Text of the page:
“And when he had said this, he breathed on them and said to them, receive the Holy Spirit. Whose sins you forgive are forgiven them, and whose sins you retain are retained.’”
Those who approach the sacrament of Penance obtain pardon from God’s mercy for the offense committed against him, and are, at the same time, reconciled with the Church which they have wounded by their sins and which by charity, by example, and by prayer labors for their conversion. – Catechism of the Catholic Church, 1422
As a result of Original Sin, human nature is weakened. Baptism, by imparting the life of Christ’s grace, takes away Original Sin, and turns us back toward God. The consequences of this weakness and the inclination to evil persist, and we often commit personal or actual sin.
The Sacrament of Reconciliation is one of the most unique and beautiful aspects of Catholicism. Jesus Christ, in His abundant love and mercy, established the Sacrament of Reconciliation, so that we as sinners can obtain forgiveness for our sins and reconcile with God and the Church. The sacrament “washes us clean,” and renews us in Christ.
What is Reconciliation?
Reconciliation (also known as confession or Penance) was instituted by Jesus Christ in his love and mercy to offer sinners forgiveness for offenses committed against God. At the same time, sinners reconcile with the Church, because it is wounded by our sins. Every sin hurts ourself, other people, and God. In Reconciliation, we acknowledge our sins before God and his Church. We express our sorrow in a meaningful way, receive the forgiveness of Christ and his Church, make reparation for what we have done, and resolve to do better in the future.
The forgiveness of sins involves four parts:
How to Confess
EXAMINATION OF CONSCIENCE
Before you go to confession, recall your sins. Prayerfully ask yourself what you have done with full knowledge and full consent against God’s and the Church’s commandments. Pray for God’s help, tell God how truly sorry you are for your sins, and make a firm resolution to not sin again. Use the Examination of Conscience questions to help review your sins.
- Do I pray to God every day? Have I thanked God for his gifts to me?
- Did I put my faith in danger through readings contrary to Catholic teachings or involvement in non-Catholic sects? Did I engage in superstitious practices: palm reading or fortune-telling?
- Did I take the name of God in vain? Did I curse or take a false oath?
- Did I miss Mass on Sundays or holy days of obligation through my own fault? Am I attentive at Mass? Did I keep fast and abstinence on the prescribed days?
- Did I disobey my parents and lawful superiors in important matters?
Did I hate or quarrel with anyone, or desire revenge? Did I refuse to forgive? Was I disrespectful?
- Did I get drunk? Did I take illicit drugs?
- Did I consent to, recommend, advise, or actively take part in an abortion?
- Did I willfully look at pornography, entertain impure thoughts, or engage in impure conversations or actions? Did I use artificial means to prevent conception?
- Was I unfaithful to my spouse? Did I engage in sexual activity outside of marriage?
- Did I steal or damage another’s property? Have I been honest and just in my business relations?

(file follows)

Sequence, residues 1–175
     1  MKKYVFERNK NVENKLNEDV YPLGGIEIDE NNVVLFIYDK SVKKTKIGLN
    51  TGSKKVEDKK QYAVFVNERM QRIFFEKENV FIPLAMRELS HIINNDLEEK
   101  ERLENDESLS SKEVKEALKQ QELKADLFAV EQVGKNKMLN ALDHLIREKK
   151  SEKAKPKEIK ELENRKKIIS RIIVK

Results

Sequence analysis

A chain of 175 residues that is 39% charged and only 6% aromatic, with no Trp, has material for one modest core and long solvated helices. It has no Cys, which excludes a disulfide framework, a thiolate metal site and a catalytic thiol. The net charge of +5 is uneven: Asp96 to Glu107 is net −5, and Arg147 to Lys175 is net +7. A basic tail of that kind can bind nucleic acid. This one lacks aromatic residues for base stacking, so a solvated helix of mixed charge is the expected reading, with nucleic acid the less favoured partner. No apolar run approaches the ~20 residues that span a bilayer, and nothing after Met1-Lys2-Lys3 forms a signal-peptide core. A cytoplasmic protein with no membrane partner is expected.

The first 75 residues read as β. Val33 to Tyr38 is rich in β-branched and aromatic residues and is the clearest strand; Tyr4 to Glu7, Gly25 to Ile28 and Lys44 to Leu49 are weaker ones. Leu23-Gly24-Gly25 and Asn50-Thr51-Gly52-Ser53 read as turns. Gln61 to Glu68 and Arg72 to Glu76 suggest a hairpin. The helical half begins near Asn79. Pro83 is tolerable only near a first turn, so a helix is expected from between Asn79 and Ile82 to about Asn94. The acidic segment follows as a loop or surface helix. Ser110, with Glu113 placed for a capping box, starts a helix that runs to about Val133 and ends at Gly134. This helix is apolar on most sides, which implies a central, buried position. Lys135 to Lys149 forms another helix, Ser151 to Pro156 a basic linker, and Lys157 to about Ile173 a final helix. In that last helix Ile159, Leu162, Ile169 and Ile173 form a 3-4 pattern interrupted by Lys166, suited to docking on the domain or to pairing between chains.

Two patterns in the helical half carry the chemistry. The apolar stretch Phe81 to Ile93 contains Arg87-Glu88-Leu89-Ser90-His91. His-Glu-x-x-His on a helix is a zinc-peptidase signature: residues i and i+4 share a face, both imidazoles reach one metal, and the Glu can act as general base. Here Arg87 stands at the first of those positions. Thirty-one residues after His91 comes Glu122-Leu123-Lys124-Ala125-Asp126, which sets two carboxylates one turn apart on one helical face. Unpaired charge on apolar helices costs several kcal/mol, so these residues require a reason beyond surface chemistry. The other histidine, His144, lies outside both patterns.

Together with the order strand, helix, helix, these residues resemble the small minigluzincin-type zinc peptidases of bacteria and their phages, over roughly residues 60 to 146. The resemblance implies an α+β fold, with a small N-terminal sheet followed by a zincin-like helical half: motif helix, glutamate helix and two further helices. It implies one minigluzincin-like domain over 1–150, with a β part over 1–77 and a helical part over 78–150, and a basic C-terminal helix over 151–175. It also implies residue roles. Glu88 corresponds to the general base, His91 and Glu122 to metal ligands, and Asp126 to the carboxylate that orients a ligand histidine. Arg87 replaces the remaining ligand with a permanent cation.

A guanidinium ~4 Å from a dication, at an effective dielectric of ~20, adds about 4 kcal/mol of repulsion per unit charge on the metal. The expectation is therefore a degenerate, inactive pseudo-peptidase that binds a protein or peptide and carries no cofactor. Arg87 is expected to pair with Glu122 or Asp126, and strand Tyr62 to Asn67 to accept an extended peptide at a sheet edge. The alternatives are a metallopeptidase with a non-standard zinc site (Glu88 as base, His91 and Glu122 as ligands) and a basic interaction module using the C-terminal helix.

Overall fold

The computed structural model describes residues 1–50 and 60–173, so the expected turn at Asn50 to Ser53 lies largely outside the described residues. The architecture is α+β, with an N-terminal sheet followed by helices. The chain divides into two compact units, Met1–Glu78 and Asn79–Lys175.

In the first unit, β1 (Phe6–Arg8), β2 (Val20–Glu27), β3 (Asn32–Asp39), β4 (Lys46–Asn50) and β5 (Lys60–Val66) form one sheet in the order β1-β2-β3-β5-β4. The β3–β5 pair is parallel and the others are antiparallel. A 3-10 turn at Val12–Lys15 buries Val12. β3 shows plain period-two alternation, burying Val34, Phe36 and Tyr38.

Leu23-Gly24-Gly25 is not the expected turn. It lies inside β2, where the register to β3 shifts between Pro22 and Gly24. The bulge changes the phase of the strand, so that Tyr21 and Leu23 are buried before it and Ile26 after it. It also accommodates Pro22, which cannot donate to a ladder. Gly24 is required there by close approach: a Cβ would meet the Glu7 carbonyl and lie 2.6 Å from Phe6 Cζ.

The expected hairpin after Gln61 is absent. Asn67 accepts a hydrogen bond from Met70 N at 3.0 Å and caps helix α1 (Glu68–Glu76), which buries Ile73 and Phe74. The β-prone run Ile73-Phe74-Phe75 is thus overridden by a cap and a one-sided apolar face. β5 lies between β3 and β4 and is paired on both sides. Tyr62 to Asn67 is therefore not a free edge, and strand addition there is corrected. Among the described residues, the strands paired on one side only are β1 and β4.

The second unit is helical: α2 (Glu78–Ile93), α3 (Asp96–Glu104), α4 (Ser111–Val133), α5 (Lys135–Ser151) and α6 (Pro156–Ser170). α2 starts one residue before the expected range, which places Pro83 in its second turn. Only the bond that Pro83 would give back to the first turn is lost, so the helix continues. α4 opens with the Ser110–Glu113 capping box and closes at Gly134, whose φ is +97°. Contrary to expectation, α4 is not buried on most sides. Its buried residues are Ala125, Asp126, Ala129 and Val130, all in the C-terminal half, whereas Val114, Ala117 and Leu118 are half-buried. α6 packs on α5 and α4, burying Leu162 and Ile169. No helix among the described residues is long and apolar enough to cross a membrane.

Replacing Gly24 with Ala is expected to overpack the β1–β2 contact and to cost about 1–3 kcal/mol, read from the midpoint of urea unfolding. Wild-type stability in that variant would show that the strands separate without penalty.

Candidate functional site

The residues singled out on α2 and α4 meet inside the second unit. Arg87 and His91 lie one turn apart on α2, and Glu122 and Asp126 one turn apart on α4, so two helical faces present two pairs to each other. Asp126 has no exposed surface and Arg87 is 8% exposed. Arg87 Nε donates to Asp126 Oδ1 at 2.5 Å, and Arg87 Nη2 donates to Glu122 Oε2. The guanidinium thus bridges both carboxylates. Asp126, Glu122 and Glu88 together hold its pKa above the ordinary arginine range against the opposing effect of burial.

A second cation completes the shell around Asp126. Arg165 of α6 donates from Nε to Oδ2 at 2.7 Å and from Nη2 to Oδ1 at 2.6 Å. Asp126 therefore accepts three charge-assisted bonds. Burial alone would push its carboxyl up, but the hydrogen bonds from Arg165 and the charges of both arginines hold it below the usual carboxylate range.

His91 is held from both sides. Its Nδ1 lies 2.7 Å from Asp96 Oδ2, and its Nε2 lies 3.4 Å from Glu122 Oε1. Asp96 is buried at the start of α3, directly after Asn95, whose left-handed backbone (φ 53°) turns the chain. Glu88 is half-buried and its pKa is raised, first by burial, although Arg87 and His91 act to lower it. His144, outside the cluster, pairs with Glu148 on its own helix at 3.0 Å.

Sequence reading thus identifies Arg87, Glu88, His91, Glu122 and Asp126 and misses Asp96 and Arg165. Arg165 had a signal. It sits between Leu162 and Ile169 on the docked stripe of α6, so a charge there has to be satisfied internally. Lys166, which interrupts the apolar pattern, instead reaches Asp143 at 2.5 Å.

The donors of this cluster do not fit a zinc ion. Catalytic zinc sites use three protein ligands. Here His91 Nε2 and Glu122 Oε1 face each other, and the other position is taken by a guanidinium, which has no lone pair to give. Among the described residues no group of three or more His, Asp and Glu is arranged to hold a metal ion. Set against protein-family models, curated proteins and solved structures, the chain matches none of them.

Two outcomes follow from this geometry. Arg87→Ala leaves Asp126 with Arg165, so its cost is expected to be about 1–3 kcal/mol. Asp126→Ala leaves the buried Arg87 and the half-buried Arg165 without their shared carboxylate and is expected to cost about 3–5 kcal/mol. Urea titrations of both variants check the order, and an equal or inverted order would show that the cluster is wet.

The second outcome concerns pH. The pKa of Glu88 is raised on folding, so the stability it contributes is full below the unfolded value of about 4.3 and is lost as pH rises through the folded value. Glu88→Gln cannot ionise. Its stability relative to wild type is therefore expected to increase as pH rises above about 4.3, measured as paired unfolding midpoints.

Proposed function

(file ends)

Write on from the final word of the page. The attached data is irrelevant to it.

- Have I been responsive to the needs of the poor and respected the dignity of others?
- Did I tell lies? Did I sin by calumny, or detraction, of others? Did I judge others rashly in serious matters?
- Have I envied other people?
THE RITE OF RECONCILIATION
Before you go to confession, recall your sins. Prayerfully ask yourself what you have done with full knowledge and full consent against God’s and the Church’s commandments. Pray for God’s help, tell God how truly sorry you are for your sins, and make a firm resolution not to sin again. Use the Examination of Conscience questions to help review your sins.
- The priest gives you a blessing or greeting. He may share a brief Scripture passage.
- Make the Sign of the Cross and say, “Bless me, father, for I have sinned. My last confession was [give the number of weeks, months, or years].”
- Confess all of your sins to the priest. The priest will help you to make a good confession. If you are unsure about how to confess or you feel uneasy, just ask him to help you. Answer his questions without hiding anything out of fear or shame. Place your trust in God, a merciful Father who wants to forgive you.
- Following your confession of sins, say, “I am sorry for these and all of my sins.”
- The priest assigns you a penance and offers advice to help you be a better Catholic.
- Say an Act of Contrition, below, expressing your sorrow for your sins. The priest, acting in the person of Christ, then absolves you from your sins.
THE ACT OF CONTRITION
God, I am heartily sorry for having offended you, and I detest all my sins because I dread the loss of heaven and the pains of hell; but most of all because they offend you, my God, who are all good and deserving of all my love. I firmly resolve with the help of your grace to confess my sins, do penance, and to amend my life.
The Sacrament of Reconciliation frees us from our sins and challenges us to have the same kind of compassion and forgiveness for those who sin against us. We are liberated to be forgivers. We obtain new insight into the words of the Prayer of St. Francis: “It is in pardoning that we are pardoned.”
The Sacrament of Penance is God’s gift to us so that any sin committed after Baptism can be forgiven. In confession we have the opportunity to repent and recover the grace of friendship with God. It is a holy moment in which we place ourselves in his presence and honestly acknowledge our sins, especially mortal sins. With absolution, we are reconciled to God and the Church. The Sacrament helps us stay close to the truth that we cannot live without God. “In him we live and move and have our being” (Acts 17:28). – from the United States Catholic Catechism for Adults